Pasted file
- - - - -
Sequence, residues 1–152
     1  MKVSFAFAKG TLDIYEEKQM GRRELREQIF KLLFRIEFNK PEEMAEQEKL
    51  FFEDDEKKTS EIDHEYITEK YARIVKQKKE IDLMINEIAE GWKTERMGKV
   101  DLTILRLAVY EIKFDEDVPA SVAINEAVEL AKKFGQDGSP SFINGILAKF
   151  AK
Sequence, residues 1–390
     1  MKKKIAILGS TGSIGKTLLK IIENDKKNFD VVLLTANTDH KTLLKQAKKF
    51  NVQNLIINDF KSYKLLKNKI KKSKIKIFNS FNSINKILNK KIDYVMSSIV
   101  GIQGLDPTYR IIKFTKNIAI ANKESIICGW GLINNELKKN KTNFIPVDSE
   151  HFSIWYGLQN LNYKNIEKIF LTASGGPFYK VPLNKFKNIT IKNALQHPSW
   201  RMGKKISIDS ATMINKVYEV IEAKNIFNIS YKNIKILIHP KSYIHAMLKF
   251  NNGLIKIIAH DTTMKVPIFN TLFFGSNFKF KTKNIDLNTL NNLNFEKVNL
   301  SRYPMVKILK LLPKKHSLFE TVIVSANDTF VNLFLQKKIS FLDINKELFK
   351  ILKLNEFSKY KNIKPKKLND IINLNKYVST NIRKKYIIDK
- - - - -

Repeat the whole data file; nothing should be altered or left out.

Sequence, residues 1–152
     1  MKVSFAFAKG TLDIYEEKQM GRRELREQIF KLLFRIEFNK PEEMAEQEKL
    51  FFEDDEKKTS EIDHEYITEK YARIVKQKKE IDLMINEIAE GWKTERMGKV
   101  DLTILRLAVY EIKFDEDVPA SVAINEAVEL AKKFGQDGSP SFINGILAKF
   151  AK
Sequence, residues 1–390
     1  MKKKIAILGS TGSIGKTLLK IIENDKKNFD VVLLTANTDH KTLLKQAKKF
    51  NVQNLIINDF KSYKLLKNKI KKSKIKIFNS FNSINKILNK KIDYVMSSIV
   101  GIQGLDPTYR IIKFTKNIAI ANKESIICGW GLINNELKKN KTNFIPVDSE
   151  HFSIWYGLQN LNYKNIEKIF LTASGGPFYK VPLNKFKNIT IKNALQHPSW
   201  RMGKKISIDS ATMINKVYEV IEAKNIFNIS YKNIKILIHP KSYIHAMLKF
   251  NNGLIKIIAH DTTMKVPIFN TLFFGSNFKF KTKNIDLNTL NNLNFEKVNL
   301  SRYPMVKILK LLPKKHSLFE TVIVSANDTF VNLFLQKKIS FLDINKELFK
   351  ILKLNEFSKY KNIKPKKLND IINLNKYVST NIRKKYIIDK